Photo credit to the author. 



				
					
FRANCE: I need “help” and that’s Ok

FRANCE: I need “help” and that’s Ok

mirjam_texgramAs far back as I can remember I always had a clear idea of what a strong woman is and how she should behave. A strong woman would do whatever she could to have all situations under control, would not need help and would not ask for it either, would manage on her own and would succeed alone.

This was before. Before what?

Before I had no other choice than say “I need help”. I need help to go through the day. I need help to wake up, stand up and live. I need help to overcome my fears, doubts. I need help to love my child. I need help to face past memories. I need help to rebuild my life. I need help to forgive. I need help to love myself.

And my idea of what a strong woman is changed.

We often think that asking for help is a proof of our inability to face life and its challenges.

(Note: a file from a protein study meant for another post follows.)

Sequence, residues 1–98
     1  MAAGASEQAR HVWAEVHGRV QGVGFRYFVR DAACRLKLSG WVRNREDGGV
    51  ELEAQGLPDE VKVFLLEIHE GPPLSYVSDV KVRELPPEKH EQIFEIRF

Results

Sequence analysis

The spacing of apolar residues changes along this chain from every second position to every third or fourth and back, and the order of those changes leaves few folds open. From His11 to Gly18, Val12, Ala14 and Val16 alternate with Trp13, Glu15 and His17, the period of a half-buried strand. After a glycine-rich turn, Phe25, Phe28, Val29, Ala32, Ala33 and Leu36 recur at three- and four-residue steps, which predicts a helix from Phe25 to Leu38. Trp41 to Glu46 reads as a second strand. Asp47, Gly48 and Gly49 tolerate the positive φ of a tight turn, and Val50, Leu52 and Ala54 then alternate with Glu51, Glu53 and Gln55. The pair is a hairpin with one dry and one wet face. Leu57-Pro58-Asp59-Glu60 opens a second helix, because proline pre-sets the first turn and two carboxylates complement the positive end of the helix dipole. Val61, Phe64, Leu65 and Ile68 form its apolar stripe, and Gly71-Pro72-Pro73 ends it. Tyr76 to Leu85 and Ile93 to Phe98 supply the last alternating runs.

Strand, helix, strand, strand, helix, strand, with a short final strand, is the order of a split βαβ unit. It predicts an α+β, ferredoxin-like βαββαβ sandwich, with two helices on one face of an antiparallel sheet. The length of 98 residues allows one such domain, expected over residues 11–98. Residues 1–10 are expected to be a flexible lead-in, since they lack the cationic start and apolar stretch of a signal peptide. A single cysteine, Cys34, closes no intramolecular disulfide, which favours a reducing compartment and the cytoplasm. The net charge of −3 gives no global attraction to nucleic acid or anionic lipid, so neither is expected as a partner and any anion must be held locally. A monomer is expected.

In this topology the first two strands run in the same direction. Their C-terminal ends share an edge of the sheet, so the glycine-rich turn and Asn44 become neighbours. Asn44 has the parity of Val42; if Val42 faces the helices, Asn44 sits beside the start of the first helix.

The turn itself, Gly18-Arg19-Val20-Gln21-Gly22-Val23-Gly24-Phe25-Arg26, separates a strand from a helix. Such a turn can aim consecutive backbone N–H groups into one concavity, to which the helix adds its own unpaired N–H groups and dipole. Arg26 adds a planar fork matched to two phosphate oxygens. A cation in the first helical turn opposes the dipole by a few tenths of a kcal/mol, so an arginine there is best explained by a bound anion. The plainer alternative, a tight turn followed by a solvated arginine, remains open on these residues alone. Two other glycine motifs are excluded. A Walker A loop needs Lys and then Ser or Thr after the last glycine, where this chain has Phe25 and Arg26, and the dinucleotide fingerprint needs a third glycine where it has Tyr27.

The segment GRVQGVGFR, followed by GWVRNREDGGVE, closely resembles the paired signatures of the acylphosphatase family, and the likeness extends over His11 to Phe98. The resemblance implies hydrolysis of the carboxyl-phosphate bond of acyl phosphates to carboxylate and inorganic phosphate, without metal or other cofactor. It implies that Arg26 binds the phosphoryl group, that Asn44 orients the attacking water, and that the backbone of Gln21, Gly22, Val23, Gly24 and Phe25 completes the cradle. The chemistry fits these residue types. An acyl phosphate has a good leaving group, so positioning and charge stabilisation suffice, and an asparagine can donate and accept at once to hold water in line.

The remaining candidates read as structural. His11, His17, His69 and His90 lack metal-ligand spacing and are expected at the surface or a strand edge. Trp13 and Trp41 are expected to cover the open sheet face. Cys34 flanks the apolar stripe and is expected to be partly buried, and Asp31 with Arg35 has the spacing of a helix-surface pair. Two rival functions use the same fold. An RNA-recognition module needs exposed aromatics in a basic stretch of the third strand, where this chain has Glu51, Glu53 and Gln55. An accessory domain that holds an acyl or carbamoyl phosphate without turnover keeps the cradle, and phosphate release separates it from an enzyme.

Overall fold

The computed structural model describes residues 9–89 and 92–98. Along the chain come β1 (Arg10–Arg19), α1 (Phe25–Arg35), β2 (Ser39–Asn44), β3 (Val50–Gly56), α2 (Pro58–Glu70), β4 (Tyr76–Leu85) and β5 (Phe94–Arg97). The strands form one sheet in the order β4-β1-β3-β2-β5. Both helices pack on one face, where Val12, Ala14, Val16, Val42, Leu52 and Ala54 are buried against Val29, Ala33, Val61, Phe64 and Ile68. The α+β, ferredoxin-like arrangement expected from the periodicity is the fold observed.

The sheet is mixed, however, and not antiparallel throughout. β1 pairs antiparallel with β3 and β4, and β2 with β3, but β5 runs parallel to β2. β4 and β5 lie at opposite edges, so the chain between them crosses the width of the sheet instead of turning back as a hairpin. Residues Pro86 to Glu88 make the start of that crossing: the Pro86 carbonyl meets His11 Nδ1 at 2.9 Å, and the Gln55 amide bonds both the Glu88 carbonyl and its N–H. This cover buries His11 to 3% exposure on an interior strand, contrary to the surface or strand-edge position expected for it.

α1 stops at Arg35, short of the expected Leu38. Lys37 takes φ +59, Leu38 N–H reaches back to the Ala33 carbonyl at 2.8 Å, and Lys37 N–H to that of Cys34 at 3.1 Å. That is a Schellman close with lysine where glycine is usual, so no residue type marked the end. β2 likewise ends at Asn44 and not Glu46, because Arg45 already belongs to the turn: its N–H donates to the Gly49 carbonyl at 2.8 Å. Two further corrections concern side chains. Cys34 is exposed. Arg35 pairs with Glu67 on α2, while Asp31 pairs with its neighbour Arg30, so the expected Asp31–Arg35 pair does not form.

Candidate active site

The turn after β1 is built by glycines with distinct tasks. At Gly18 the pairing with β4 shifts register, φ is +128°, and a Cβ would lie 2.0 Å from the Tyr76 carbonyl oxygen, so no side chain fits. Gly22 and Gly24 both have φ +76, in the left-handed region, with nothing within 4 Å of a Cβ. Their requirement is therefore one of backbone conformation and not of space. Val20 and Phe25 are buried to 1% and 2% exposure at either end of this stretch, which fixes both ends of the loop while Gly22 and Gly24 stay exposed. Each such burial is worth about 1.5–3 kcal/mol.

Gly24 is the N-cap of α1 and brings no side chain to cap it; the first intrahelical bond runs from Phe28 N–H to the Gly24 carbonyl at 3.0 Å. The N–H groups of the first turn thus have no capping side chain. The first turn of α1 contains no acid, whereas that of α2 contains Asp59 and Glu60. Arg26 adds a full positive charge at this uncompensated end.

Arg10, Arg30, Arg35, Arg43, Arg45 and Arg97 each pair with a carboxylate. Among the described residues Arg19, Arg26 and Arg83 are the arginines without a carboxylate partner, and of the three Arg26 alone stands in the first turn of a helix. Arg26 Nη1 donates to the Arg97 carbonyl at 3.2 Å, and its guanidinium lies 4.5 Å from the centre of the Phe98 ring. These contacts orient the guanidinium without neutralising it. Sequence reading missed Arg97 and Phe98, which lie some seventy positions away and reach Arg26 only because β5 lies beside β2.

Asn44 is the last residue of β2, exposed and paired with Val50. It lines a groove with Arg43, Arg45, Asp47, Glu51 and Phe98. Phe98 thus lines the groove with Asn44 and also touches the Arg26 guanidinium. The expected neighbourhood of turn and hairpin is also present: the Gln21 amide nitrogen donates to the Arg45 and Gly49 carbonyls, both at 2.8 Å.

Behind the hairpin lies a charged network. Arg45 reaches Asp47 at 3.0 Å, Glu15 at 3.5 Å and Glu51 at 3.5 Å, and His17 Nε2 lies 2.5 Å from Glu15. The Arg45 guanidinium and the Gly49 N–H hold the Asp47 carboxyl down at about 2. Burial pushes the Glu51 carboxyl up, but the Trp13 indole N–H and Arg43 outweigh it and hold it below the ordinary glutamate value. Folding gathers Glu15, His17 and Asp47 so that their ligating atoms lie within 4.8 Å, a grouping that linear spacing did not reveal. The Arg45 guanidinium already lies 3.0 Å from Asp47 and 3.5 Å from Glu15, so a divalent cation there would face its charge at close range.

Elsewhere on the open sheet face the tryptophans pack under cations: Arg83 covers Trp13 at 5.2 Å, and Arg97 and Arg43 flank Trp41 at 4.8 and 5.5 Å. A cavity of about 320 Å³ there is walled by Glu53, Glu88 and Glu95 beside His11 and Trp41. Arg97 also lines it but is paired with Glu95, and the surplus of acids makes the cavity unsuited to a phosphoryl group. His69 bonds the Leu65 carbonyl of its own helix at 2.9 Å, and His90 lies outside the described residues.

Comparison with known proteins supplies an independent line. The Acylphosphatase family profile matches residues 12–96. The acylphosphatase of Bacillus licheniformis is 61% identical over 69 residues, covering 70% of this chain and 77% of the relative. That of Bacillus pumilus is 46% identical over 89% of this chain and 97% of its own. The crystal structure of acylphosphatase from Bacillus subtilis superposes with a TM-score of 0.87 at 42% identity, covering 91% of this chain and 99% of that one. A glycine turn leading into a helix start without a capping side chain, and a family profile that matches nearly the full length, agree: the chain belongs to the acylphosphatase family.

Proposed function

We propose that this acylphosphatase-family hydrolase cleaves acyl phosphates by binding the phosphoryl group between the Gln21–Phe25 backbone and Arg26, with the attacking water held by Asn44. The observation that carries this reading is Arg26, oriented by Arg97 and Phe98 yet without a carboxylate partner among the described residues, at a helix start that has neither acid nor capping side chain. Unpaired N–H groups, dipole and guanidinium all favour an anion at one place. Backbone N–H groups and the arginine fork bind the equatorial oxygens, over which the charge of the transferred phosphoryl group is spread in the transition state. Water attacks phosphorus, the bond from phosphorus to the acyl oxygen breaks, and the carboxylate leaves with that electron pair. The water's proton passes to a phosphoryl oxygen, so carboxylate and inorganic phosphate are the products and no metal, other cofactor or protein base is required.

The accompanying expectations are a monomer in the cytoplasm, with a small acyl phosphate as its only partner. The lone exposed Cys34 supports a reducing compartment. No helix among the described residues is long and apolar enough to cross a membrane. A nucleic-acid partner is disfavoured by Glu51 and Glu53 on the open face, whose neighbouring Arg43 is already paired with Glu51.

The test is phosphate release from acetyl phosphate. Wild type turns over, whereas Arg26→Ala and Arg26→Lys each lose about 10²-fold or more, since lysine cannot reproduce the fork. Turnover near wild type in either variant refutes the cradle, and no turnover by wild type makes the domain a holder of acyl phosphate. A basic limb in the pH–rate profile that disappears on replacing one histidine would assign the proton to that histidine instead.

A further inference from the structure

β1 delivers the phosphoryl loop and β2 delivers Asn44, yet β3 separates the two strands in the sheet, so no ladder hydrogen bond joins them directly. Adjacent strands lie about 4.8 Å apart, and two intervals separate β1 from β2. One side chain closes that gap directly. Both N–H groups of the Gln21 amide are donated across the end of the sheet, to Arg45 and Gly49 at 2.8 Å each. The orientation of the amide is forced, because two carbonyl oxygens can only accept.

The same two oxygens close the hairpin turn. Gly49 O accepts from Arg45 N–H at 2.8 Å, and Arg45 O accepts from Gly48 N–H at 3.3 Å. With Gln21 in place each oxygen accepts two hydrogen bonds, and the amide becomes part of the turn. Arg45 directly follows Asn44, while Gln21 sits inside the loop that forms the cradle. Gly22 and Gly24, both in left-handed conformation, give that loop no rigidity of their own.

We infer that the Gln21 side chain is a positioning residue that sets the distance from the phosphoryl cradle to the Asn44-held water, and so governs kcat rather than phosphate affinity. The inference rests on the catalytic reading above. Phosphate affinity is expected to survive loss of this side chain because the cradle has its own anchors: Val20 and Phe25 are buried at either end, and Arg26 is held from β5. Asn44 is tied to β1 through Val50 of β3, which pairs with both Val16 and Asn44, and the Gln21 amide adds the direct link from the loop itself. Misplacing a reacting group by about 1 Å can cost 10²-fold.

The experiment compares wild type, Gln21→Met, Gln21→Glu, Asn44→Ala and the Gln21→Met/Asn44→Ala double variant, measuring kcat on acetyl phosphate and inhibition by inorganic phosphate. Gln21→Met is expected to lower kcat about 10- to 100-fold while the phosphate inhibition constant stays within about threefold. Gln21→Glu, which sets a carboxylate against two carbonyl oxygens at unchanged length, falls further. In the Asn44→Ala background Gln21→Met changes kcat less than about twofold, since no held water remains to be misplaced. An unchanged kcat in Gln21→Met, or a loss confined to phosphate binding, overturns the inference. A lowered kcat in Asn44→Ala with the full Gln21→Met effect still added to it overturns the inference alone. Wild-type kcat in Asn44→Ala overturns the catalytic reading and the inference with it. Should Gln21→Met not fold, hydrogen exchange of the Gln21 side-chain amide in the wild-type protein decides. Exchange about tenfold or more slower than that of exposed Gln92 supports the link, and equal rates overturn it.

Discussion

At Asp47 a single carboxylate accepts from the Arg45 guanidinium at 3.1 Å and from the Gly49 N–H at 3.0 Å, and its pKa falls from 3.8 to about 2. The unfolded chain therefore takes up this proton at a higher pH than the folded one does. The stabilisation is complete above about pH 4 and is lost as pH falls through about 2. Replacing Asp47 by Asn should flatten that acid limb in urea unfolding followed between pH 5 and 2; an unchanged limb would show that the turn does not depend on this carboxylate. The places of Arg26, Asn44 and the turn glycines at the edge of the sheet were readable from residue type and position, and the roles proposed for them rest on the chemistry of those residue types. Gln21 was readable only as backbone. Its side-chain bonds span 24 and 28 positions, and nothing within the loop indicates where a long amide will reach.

If you ask mums, friends, people around you, I bet that the answer you’ll hear most of the time will be something like this “I don’t want to ask for help. I’m fine. I’ll deal with it like a big girl”.

Why can’t “being a big girl” and “asking for help” go together? Why do we, women, mums, think that if we ask for help, people will consider us failures?

I took the step of asking for help, feeling lost and guilty at first. But what I received out of it was worth the try. People who were there, at any time of the day (and night) reassured me – this was the first step towards a better life for me and my child. There was no judgement on their side, only kindness and the assurance that I had made the right choice by reaching out to them.